RED HORSE delivers basic needs

  • Published
  • By Airman 1st Class Kelly Walker
  • 1st Combat Camera Squadron

A trip from Hurlburt Field, Florida, to Tyndall Air Force Base, Florida, typically takes two hours.


In the wake of Hurricane Michael, it was a four-hour journey for 16 Airmen from the 823rd RED HORSE Squadron. Hindered by destruction and debris, they backtracked through blocked roads with little to no communications or GPS capabilities.


This would set the tone for the challenges they would encounter upon reaching a storm-torn Tyndall Air Force Base.


“There was no running water, there were no sewer systems.” said Maj. Peter Sabatowski, 823rd RHS on-site officer-in-charge. “There was a bucket in the bathroom with a plastic bag in it.”


The Airmen from the 823rd RHS had officially joined a skeleton crew of first responders including the 820th Base Defense Group from Moody Air Force Base, Georgia, 23d Civil Engineering Squadron Prime BEEF, from Moody AFB, and a 93 person ride-out team from Tyndall AFB.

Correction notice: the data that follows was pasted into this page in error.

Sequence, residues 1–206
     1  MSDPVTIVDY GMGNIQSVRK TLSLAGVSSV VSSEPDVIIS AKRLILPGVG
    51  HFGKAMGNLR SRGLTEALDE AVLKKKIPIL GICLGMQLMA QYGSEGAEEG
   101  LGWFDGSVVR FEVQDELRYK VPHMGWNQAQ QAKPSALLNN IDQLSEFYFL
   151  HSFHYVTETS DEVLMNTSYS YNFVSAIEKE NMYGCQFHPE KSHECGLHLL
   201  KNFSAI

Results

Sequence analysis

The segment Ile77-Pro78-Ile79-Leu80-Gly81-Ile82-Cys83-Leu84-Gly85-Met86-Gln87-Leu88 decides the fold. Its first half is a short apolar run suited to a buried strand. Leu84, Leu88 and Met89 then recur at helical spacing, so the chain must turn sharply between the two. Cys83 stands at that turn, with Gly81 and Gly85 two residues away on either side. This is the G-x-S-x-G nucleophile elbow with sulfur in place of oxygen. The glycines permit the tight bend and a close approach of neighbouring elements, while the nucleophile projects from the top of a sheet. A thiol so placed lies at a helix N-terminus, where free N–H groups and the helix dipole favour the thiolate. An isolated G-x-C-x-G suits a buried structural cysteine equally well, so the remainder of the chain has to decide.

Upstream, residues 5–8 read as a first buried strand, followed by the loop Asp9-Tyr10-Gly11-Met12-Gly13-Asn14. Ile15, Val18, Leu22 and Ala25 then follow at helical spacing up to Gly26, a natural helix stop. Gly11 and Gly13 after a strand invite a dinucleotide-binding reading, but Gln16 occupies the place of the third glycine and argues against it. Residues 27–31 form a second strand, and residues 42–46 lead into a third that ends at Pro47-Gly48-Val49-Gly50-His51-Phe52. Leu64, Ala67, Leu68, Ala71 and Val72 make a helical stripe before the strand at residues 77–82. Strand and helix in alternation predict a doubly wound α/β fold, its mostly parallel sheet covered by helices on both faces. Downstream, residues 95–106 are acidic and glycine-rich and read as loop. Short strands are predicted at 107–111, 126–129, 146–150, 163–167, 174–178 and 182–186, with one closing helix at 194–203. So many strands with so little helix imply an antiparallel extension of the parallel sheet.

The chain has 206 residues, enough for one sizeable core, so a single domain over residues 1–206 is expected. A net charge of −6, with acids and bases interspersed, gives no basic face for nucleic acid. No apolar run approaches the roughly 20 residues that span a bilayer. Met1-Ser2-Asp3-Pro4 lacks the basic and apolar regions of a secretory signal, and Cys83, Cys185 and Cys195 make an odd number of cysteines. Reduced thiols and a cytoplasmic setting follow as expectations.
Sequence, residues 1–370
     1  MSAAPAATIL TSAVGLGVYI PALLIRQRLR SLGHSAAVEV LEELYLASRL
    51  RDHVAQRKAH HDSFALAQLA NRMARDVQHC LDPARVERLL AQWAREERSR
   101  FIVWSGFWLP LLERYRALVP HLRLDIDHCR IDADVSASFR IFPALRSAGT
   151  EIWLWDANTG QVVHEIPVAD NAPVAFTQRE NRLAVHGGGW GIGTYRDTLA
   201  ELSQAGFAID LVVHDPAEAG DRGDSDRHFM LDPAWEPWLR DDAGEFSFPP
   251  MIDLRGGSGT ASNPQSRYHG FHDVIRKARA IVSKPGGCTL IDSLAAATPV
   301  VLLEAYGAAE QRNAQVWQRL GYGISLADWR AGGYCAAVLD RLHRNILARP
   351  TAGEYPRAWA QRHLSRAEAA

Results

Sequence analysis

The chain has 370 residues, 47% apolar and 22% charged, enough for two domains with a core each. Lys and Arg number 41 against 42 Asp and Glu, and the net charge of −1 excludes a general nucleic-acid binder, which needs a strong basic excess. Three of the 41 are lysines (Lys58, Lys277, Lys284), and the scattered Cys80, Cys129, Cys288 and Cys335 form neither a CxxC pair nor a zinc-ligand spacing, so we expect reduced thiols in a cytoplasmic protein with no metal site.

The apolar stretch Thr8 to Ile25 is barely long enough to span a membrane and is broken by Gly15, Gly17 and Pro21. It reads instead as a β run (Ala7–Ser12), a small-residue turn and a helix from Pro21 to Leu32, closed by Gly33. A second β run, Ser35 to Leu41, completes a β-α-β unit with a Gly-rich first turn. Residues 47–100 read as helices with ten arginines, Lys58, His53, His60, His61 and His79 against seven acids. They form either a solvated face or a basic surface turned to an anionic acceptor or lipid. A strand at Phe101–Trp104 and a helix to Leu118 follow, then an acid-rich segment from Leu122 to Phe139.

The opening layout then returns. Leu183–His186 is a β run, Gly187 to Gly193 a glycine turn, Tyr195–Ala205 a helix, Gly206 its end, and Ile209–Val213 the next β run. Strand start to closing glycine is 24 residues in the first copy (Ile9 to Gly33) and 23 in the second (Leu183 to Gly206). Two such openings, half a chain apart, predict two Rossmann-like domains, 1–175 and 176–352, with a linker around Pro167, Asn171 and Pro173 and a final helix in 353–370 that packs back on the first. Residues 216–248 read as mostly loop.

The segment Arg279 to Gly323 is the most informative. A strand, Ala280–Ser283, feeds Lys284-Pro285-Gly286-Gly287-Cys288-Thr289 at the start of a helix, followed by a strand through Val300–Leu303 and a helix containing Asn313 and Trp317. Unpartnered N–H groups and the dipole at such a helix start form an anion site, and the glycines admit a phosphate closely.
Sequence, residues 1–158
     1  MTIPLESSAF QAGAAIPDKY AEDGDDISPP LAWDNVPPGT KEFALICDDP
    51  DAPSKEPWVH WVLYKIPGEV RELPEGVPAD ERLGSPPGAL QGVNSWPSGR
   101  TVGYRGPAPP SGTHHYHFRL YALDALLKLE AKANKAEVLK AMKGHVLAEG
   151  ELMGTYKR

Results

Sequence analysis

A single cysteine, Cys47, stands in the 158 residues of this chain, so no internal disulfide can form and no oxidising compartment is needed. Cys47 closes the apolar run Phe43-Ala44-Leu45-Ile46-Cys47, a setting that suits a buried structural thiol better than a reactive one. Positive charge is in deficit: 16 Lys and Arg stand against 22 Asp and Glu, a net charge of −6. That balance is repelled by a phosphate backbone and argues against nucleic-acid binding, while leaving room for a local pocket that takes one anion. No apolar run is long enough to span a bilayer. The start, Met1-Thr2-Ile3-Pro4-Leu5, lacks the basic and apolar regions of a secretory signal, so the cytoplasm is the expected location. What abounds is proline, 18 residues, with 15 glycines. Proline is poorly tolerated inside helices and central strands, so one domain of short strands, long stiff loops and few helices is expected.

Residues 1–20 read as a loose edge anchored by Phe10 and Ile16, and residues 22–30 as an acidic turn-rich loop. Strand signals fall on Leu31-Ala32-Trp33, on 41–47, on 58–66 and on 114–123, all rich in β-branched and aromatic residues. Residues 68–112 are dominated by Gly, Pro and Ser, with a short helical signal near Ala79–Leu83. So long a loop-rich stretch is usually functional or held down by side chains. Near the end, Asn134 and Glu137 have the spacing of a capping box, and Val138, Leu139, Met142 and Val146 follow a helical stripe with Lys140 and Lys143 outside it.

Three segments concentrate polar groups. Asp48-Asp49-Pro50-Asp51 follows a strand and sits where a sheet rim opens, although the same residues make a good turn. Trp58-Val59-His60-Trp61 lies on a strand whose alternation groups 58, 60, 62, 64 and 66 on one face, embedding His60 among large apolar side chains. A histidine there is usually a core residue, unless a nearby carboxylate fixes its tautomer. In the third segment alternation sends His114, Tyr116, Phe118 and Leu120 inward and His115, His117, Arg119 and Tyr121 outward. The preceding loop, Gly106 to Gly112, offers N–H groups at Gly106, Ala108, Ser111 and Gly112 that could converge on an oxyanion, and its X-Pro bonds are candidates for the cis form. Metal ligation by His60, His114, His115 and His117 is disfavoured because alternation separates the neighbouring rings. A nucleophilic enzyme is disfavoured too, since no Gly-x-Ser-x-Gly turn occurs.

“The first night was quiet,” Sabatowski said. “We were trying to get our feet under ourselves and figure out what was going on.” 


In the weeks since the storm, the squadron has found its footing and helped to clear debris, assess damage, save facilities, construct a booming tent city, and even provided the first hot meals to nearly 400 Airmen working to restore the base. But the list doesn’t stop there. 


“RED HORSE is unique.” said Sabatowski, “We’re the ones that are executing the cradle-to-grave construction, from design to handing the facility over.”


While more Airmen, Soldiers, and Sailors trickle in to tackle the work that lies ahead, the 823d RHS has helped lay the groundwork for a base that can function and improve every day.


“This is more recovery than construction” said Sabatowski. 


Once a battered base of severely damaged buildings, with no power, water, or communications. Tyndall is now a functioning bare-base facility with more in common with a forward operating base than a disaster zone, and is well on its way to normal operations.  


“They’re proud of what they’ve done out here, and it has definitely been a team effort,” said Sabatowski. “It is not just a single entity that’s working on one thing, it is been s a collective effort to get where we’re at right now”.